Brenda van Bovene’s Monday was punctuated by screams. First, the screams of her 11-year-old Australian silky terrier Tammy, then by her own shrill cries — so loud that a neighbor across the street heard them through his ear buds as he listened to his iPod.
Van Bovene heard Tammy crying in a terrible, distressed way from the backyard that afternoon, which prompted the 56-year-old woman to rush outside to see what was wrong. She was shocked to find her 15-lb. dog caught in the stranglehold of an 8-ft. python, which was slowly coiling itself around Tammy in a bid to kill her.
And that’s when van Bovene started yelling for help. “Nobody was responding to my screaming, and in a split second, I just knew I had to get the snake off my dog,” van Bovene, of Bushland Beach, Australia, t “I literally pulled and pulled and pulled on the snake’s tail. I didn’t stop to think of my own safety, I just knew there was no way in hell was I letting this python eat my dog!’”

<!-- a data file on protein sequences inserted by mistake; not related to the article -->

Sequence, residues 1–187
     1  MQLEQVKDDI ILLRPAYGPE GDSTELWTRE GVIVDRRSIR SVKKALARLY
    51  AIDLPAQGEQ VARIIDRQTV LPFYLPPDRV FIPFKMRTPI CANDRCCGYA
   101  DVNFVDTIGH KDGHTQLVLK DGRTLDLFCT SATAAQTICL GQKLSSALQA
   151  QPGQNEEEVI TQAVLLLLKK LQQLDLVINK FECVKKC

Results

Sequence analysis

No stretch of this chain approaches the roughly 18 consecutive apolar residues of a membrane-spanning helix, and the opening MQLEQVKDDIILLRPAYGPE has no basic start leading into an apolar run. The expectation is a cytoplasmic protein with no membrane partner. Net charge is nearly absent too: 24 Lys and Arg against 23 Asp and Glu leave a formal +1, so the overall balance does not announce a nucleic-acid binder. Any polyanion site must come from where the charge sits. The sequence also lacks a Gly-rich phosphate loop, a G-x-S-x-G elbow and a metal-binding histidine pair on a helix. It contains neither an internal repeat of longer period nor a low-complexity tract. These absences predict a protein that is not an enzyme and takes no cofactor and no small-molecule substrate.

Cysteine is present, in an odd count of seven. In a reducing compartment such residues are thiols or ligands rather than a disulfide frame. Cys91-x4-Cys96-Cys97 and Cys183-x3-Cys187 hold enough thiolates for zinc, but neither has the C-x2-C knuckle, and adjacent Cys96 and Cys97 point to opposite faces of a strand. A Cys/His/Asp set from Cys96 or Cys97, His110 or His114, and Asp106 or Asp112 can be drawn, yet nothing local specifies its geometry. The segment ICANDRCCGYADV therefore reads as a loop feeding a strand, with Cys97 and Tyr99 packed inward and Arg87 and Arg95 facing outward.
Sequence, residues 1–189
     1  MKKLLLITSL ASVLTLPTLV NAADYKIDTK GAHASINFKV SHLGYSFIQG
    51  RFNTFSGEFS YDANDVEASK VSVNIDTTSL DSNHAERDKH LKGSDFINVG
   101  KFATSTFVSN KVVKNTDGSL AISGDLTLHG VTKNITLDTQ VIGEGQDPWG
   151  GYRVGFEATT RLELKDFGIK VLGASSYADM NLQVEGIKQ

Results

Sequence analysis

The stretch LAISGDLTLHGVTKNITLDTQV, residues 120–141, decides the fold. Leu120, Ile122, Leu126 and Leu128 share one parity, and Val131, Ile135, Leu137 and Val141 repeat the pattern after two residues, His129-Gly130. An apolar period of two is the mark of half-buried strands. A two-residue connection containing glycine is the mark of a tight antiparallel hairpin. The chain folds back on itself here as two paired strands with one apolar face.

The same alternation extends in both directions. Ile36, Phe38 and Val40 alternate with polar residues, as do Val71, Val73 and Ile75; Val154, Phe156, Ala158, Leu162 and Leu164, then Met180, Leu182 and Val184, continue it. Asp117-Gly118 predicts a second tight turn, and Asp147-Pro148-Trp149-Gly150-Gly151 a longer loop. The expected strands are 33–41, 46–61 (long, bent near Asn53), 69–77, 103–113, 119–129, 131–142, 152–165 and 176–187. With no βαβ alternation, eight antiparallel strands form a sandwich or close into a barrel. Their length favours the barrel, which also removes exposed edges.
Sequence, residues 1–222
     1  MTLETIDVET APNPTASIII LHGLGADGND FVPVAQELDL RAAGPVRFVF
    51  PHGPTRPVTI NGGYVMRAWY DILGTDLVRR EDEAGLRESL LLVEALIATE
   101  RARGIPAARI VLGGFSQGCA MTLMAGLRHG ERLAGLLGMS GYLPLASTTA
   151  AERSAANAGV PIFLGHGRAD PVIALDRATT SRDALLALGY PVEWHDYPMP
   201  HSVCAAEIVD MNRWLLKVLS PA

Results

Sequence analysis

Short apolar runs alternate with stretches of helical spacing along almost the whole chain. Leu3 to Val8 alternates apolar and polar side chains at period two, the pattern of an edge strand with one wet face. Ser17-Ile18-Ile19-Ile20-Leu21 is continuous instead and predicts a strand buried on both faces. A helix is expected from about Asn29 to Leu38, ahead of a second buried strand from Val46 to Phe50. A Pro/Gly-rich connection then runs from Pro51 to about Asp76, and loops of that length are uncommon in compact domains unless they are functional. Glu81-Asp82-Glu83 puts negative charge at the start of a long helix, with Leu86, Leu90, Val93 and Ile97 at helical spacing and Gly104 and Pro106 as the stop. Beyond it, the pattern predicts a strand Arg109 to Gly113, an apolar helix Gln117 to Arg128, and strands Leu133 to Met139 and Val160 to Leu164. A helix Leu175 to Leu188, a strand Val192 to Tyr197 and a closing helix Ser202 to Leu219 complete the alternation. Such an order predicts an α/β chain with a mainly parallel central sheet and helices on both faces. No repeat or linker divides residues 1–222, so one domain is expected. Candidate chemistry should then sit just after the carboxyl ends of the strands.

Somehow, without any tools or aid, just her own adrenaline-fueled strength, van Bovene wrested the cold snake off of her yelping dog. She can’t say how long it took because the experience seemed to happen in a blur. “When I pulled that final pull, it sounded like fabric ripping,” van Bovene says. “When I went to the vet, the snake’s tooth was lodged in Tammy’s chest. I ripped the snake’s tooth out! After I did it, my whole body just shook.”